Presidential Politicking: Who Puts Those Words in the Candidates’ Mouths?

Don Baer. Michael Gerson. Ted Sorensen. Peggy Noonan. Jon Favreau.

You may not recognize all–or even some–of these names, but you have probably heard or read the words they have written. These individuals were all presidential speechwriters.

A speechwriter works not only with a sitting president but also presidential candidates to craft messages that will appeal to a constituency and sway voters. He or she works directly with the senior staff of the president or candidate, and perhaps even with the president or candidate himself or herself, to determine what messages to cover and what tone should be struck. Speechwriters must be able to accept heavy criticism and comments on multiple drafts of a speech, and incorporate changes into drafts. They must also be comfortable with anonymity, because with few exceptions–primarily when something appears to be plagiarized–speechwriters are not typically acknowledged. Consequently, researchers often face a dilemma: to whom should credit be attributed for a particularly pithy turn of phrase, such as “ask not what your country can do for you, ask what you can do for your country”?

This episode explores that issue as well as others within the realm of presidential speechwriting.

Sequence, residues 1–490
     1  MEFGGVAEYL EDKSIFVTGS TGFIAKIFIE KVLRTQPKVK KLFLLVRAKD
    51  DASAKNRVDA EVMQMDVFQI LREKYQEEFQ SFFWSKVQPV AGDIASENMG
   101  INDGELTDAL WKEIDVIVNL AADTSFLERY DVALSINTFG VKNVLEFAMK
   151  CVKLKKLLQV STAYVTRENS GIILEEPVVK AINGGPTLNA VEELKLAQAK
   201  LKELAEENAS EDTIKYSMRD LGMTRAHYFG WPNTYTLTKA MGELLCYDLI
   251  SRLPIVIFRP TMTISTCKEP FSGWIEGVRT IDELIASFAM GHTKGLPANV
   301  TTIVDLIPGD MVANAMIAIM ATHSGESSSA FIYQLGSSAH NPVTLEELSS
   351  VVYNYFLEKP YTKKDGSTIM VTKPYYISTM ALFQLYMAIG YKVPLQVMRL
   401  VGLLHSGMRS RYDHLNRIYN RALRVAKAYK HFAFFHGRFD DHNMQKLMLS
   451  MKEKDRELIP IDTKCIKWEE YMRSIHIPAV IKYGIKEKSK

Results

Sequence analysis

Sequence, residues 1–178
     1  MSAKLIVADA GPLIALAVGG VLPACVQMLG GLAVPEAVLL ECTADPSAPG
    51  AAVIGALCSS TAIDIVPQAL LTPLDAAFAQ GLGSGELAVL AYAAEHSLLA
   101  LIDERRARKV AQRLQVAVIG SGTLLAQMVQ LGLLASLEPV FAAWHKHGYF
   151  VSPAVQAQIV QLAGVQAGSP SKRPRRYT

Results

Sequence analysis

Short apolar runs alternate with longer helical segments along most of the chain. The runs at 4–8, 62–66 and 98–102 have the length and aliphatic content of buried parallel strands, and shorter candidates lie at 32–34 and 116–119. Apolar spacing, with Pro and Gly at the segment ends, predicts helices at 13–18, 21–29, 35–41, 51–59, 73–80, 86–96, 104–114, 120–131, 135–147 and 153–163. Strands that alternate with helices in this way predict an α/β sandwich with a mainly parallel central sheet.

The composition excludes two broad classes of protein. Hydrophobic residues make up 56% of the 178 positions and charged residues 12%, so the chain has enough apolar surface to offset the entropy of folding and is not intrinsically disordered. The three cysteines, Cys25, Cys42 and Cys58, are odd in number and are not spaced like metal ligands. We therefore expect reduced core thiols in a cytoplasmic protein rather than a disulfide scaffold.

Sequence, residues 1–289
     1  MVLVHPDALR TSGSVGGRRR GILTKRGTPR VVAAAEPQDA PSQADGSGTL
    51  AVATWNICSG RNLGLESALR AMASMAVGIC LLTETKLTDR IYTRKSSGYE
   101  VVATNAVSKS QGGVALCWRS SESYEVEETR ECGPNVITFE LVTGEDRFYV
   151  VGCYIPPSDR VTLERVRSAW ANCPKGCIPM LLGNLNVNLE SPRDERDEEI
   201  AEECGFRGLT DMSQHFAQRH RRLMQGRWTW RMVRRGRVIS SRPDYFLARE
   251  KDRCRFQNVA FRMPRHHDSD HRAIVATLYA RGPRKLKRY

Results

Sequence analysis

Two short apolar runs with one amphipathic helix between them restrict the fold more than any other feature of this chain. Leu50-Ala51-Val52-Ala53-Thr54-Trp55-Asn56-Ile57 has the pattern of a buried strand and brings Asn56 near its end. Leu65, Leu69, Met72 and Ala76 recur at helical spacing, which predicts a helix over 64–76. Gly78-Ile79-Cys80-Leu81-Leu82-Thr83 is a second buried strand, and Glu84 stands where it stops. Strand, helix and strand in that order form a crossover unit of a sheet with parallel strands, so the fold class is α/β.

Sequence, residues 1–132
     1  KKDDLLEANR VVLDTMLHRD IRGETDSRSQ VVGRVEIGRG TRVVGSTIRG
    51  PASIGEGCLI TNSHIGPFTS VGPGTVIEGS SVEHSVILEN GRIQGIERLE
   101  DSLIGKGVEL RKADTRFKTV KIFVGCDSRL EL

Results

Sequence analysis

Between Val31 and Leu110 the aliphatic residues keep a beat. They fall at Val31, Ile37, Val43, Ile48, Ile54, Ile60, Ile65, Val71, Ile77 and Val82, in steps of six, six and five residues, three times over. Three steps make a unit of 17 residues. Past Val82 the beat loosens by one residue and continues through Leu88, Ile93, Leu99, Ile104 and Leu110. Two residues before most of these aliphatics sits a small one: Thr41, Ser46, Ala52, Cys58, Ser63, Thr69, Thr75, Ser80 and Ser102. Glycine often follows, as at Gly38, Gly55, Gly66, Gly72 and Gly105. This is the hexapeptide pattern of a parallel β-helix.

To learn more about U.S Presidents, their speechwriters, and their campaigns check out:

White House Ghosts: Presidents and Their Speechwriters by Robert Schlesinger

President’s Speech: The Stories Behind the Most Memorable Presidential Addresses by C. Edwin Vilade

The Policy Partnership: Presidential Elections and American Democracy by Bruce Buchanan

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Two Authors–One Literary Spar

 

Two authors–one complicated relationship.

“[Hemingway] has never been known to use a word that might send a reader to the dictionary.”

“Poor Faulkner. Does he really think big emotions come from big words?”

William Faulkner is known for his experimental, stream-of-consciousness style, and his attention to diction and cadence. His characters are distinctly Southern–former slaves and their descendants, poor or working class whites, and the stubborn remnants of a fading aristocracy. Consequently, his subject matter tends towards the Gothic and grotesque, such as in his short story “A Rose for Emily,” or the novel As I Lay Dying.

Ernest Hemingway’s style, on the other hand, is often described as “masculine” in its minimalism and understated tone. His characters tend towards the stoic–men who have suffered, but soldier on, and women who…well… the critics are still debating Hemingway’s female characters. Not surprisingly, his major themes are love, war, wilderness, and loss, as shown in such works as his short story collection Men Without Women and the novel The Sun Also Rises.

So what did these two very different writers actually think of one another?